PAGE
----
Why Asking Price Is In The Comparable Sales

Posted on January 30, 2015 by

Ask any Realtor how he or she prices houses, and you will hear a version of the following statement: “Well, I look at the comparable sales and then I …”

The same answer would include potential buyers, lenders, brokers and even appraisers. The data within REIAComps has consistently shown investors how to determine both solid acquisition value and after repair value for residential real estate.

Now, in the defense of Realtors, using comparable sales (“comps”) to price listings is what they were taught. Find the (3)“closest”comparable sales, make some adjustments for the differing features and use this analysis to arrive at an asking price for the home.

Truly, Appraisers typically use the same technique, as do most county assessor offices. Free broker and agent lead generation web sites like Trulia and Zillow apply similar inputs to their valuation algorithms. The comparable sales method has been in use for the measure of my career, and I am approaching 20 years in the valuation business.

A comp flatly, is a closed sale sharing as much similarity as possible with the home being valued. A good comp will be a recent sale of a similar type of property from within (or nearby) the subject property’s neighborhood. In theory, the more similar the comparable sale, the more power it has. The base logic behind using comps to price goes something like this —if House A sold for $X, House B sold for $Y and House C sold for $Z, then your house should sell for some adjusted average of the three. The catch is, the comps used are the most appropriate ones available.

But, we have to ask, is this really accurate?

Maybe we should answer this question with another question: Would you drive a car by looking in the rearview mirror? I hope not. We look out the front window as we are far more concerned with where we are going than where we have been. Stated simply, we are more concerned with future events than past ones.

We (Realtors, the investors they serve, sellers and buyers) have all been trained for so long to look at the comps for guidance, but we fail to fully acknowledge comps are really events that occurred in the past.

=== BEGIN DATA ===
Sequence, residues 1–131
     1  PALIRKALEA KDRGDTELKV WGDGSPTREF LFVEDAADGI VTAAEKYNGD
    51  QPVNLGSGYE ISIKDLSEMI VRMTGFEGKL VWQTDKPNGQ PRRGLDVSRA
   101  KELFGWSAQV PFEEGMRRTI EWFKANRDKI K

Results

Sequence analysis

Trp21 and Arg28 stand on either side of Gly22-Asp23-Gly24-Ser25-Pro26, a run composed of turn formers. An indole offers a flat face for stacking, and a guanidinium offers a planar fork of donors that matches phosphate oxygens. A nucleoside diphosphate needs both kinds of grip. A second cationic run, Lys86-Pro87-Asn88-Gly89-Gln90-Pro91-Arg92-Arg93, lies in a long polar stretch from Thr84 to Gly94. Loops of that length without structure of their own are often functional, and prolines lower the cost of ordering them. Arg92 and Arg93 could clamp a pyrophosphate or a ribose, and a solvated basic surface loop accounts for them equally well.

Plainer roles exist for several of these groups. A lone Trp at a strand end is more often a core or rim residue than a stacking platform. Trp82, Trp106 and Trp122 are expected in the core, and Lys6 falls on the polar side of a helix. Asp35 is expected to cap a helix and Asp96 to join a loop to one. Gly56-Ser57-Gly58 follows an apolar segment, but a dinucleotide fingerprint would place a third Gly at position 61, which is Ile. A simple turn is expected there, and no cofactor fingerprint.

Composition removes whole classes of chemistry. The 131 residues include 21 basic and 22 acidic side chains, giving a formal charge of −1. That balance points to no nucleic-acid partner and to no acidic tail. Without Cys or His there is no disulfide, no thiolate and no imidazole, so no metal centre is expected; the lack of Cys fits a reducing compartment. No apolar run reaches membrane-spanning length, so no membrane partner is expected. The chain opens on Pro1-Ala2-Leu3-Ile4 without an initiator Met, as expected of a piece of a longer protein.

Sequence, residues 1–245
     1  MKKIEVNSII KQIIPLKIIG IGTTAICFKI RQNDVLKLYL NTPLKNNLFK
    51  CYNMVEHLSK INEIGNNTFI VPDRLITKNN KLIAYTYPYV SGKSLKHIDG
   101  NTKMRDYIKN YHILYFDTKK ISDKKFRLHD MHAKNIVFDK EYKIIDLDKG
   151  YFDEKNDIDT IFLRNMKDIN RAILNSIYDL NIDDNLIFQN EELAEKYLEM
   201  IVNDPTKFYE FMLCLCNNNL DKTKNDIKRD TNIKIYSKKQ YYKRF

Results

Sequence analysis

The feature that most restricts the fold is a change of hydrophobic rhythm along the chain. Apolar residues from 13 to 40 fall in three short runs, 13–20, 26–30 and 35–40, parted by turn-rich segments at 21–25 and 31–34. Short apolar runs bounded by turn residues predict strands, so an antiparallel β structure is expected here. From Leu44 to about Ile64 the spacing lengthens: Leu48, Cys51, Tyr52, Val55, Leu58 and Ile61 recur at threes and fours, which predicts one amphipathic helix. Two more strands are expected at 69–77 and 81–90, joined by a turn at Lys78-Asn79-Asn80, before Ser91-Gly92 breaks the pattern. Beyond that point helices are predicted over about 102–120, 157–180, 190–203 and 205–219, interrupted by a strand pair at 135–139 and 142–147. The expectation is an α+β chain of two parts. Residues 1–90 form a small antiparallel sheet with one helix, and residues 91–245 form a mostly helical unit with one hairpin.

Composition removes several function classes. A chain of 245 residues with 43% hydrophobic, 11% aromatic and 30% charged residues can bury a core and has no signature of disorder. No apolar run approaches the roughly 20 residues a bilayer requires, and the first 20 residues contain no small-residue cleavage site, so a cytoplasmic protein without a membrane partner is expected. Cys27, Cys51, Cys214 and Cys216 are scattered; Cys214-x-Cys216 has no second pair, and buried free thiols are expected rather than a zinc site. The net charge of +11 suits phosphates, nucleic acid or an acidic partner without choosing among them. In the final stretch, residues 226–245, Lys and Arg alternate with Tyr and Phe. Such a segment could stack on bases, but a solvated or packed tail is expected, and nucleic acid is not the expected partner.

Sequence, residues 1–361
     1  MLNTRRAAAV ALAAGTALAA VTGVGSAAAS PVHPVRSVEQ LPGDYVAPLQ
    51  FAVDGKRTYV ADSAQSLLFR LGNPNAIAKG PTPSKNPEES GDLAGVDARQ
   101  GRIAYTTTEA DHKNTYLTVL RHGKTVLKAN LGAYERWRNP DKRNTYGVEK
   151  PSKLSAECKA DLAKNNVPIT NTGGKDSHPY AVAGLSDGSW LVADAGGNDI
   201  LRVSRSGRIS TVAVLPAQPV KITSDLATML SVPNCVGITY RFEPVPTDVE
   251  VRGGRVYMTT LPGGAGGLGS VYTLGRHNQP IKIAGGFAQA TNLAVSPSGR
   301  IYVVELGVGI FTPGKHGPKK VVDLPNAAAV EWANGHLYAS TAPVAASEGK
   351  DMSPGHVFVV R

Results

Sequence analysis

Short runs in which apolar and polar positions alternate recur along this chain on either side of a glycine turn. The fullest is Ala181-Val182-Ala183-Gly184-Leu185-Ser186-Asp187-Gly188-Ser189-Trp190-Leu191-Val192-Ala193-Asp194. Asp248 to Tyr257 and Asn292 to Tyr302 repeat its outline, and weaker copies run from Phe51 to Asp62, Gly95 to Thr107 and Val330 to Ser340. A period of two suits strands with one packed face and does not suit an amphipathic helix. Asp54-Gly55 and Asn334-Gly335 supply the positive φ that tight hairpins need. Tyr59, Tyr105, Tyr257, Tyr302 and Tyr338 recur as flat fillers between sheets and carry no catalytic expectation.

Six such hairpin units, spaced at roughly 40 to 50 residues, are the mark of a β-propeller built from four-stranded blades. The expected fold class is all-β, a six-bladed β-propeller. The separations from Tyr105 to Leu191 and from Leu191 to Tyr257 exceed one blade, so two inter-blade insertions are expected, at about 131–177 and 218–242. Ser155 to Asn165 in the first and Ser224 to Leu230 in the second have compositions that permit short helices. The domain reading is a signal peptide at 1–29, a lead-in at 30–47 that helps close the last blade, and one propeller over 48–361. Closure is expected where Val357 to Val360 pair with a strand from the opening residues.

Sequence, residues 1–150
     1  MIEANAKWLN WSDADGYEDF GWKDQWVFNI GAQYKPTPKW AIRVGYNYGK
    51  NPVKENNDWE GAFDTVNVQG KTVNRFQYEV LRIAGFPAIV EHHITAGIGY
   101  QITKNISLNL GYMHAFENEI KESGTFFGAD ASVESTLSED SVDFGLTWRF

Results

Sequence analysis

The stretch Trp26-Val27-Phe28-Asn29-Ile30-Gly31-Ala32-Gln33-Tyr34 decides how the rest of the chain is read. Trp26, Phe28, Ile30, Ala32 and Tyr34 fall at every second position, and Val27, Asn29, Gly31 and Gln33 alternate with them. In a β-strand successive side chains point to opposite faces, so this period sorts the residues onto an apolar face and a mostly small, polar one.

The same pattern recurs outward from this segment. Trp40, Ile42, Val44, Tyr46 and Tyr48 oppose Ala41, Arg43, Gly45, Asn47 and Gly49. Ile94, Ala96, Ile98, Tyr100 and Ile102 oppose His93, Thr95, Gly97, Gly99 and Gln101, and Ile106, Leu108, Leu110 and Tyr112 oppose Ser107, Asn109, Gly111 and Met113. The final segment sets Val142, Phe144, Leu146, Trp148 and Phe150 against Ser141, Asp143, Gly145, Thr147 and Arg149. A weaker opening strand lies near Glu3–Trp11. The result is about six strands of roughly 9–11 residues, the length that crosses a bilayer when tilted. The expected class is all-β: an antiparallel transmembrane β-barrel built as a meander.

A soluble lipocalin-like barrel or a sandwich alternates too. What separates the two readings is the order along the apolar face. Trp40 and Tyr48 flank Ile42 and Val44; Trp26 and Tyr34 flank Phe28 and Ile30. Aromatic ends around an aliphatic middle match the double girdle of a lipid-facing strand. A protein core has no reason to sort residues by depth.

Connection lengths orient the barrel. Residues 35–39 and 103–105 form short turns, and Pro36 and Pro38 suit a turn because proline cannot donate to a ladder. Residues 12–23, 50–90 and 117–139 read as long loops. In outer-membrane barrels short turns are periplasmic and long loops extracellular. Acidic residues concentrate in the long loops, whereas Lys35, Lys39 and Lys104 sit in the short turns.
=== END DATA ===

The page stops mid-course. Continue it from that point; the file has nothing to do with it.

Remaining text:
Take a look at the chart below from the past two years. It tracks homes that went under contract across our region (Richmond, Virginia).

Do you notice a difference from the first half to the second half of the year? How about between 2014 and 2015? How about from May to August?

The core issue is a comp is not a fact, as much as it is a result. The reasons why someone else paid a specific amount for a specific home at a specific point in the past is a combination of many complex inputs that do not lend themselves to easy analysis. Inventory levels, interest rates, consumer confidence, seasonality, the “wealth effect”created by the Dow Jones Industrial Average and NASDAQ, mortgage rules, the Dodd-Frank Wall Street Reform and Consumer Protection Act, job growth (regionally, nationally and internationally), population trends …all of these combine to influence buyer behavior.

This is not to say that using comps to help price a home is without merit, as understanding what has happened recently is a good place to start. If you can determine a point from which to begin your analysis, it is a great help. Establishing patterns in past behavior has value …it is just that using comps exclusively falls short, especially in a dynamic market. The quicker the market shifts, the less value any individual comp has. And the last time I checked, the market is still moving extremely quickly.

So what to do? Your excuses are now gone —the “big data”of REIAComps is upon all of us. It is up to you to take the next step.

Use this knowledge about comps to look all around your subject property and determine the best acquisition value and after repair price.

The use of REIAComps to determine the best acquisition and ARV for every deal you look at is the best real estate decision you will ever make. Don’t for one moment let someone tell you the value of a deal. Let REIAComps show you for yourself.

Mark JacksonMark Jackson is an appraiser, real estate investor and property valuation specialist who teaches others to get more out of their real estate investing business. In 1999, Mark founded an appraisal company and soon found his true gift was analyzing property values for real estate investors. Since 2000, has closed millions of dollars’ worth of his own domestic and international real estate transactions. Mark’s passions are: faith, family, golf and real estate.

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